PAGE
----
- Posted by Johanna on May 31, 2014 at 6:31 pm
- Category: Graphic Novel Reviews
- CREDITS: by J. Torres & Dean Trippe
- PUBLISHER: Oni Press; $12.99 US
I’m disappointed that I don’t like the Power Lunch series more than I do, since the creators, J. Torres and Dean Trippe, are two great people.
As established in the previous book, Power Lunch: First Course, Joey gets superpowers from the foods he eats, unless they’re white. Here, he struggles with not being a very good soccer player. His friend Jerome encourages him to use his powers to be better, but Joey resists giving himself an unfair advantage.
(Jerome knows his secret, and in my favorite part of the series, is drawn to look remarkably like old-timey Jimmy Olsen, with red hair, freckles, and a bow tie.)
The power setup is a great concept, but so little is done with it. Or perhaps it’s just that I’m way too old to be part of their audience, who likely won’t have seen this type of plot thousands of times before. Still, I don’t believe that books for kids should talk down to them; the best ones are also enjoyable by adults. This one was too simplistic for me, but then, I’m not in middle school. (I’m assuming that’s roughly the age group targeted, since I didn’t see a recommended age level on the book, which is a help when dealing with material for younger readers.)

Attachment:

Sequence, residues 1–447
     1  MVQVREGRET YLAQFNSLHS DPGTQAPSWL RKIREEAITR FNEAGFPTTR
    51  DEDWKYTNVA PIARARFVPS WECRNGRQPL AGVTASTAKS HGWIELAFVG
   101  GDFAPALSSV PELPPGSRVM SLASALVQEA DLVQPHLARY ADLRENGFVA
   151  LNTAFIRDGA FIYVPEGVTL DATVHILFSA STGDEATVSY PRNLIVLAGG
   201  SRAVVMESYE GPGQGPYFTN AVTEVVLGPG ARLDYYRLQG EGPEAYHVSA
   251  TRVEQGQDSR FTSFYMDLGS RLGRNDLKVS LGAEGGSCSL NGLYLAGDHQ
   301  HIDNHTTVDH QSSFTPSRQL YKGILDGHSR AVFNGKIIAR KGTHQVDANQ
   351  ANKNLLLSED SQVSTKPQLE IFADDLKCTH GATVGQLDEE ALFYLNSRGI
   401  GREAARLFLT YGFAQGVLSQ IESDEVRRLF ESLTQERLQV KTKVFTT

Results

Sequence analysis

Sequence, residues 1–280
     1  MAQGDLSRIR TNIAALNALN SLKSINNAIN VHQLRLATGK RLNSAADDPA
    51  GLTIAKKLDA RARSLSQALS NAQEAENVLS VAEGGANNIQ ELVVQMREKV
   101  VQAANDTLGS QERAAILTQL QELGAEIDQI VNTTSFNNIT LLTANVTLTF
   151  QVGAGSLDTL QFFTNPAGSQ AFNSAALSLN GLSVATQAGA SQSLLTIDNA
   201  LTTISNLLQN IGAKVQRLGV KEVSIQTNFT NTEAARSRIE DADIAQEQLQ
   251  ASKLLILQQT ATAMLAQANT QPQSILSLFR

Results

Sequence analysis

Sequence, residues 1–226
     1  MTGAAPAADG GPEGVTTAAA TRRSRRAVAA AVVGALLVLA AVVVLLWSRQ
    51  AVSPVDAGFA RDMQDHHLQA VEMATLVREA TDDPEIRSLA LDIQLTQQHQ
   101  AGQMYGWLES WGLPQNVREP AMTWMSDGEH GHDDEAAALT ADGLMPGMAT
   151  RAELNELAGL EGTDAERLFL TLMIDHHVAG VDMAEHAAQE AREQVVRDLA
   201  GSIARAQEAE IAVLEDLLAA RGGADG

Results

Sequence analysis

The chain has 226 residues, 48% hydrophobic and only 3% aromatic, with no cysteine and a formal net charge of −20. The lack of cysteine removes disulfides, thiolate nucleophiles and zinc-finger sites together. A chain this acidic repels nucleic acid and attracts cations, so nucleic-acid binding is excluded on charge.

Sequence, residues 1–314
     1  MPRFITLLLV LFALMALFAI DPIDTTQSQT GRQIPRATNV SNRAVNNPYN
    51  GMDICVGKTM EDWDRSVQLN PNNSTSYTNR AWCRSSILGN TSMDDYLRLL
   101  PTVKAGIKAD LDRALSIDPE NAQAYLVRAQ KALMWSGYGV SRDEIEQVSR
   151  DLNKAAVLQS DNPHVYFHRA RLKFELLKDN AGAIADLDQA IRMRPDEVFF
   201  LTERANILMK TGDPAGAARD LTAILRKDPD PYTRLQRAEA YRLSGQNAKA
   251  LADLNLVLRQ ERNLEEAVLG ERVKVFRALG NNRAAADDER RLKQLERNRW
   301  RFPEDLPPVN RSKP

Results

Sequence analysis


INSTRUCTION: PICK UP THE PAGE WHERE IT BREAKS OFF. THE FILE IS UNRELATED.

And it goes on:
Since the story here is all about the soccer team, the only female character portrayed at all is Joey’s mom, who appears on one page to provide a plot device. Otherwise, the world shown — even down to the game audience — is completely male. That won’t bother some people, who may be looking for more boy-focused books for their male children, but I found it oddly old-fashioned.
Trippe’s images are lovely, with particularly strong lines as a design feature, but they’re also static. They tell the story, but there’s no sense of movement from one panel to another; instead, to my eyes, it’s like looking at a series of snapshots. Similarly, the characters look overly posed.
The book’s second conflict is about how to defeat two bully players, which provides a self-defense motivation to use the powers. It’s clever, but it doesn’t help kid readers learn better how to solve these kinds of situations themselves. Still, it’s a fantasy, so perhaps I’m asking too much of it to teach a lesson as well. (The publisher provided a digital review copy.)